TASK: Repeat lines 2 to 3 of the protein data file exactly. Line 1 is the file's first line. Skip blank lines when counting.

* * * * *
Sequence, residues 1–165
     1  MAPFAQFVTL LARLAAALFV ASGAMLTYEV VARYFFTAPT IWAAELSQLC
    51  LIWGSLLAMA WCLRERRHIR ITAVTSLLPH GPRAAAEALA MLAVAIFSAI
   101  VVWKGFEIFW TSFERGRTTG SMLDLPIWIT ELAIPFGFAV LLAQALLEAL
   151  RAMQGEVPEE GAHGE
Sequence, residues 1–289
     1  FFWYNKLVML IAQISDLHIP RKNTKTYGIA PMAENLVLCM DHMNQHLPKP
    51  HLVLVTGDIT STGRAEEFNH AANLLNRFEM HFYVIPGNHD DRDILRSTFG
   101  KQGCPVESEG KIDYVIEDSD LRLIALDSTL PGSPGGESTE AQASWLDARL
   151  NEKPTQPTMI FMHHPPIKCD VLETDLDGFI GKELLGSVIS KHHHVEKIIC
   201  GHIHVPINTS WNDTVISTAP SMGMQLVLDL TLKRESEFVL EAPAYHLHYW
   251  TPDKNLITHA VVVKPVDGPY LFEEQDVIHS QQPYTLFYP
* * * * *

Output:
     1  MAPFAQFVTL LARLAAALFV ASGAMLTYEV VARYFFTAPT IWAAELSQLC
    51  LIWGSLLAMA WCLRERRHIR ITAVTSLLPH GPRAAAEALA MLAVAIFSAI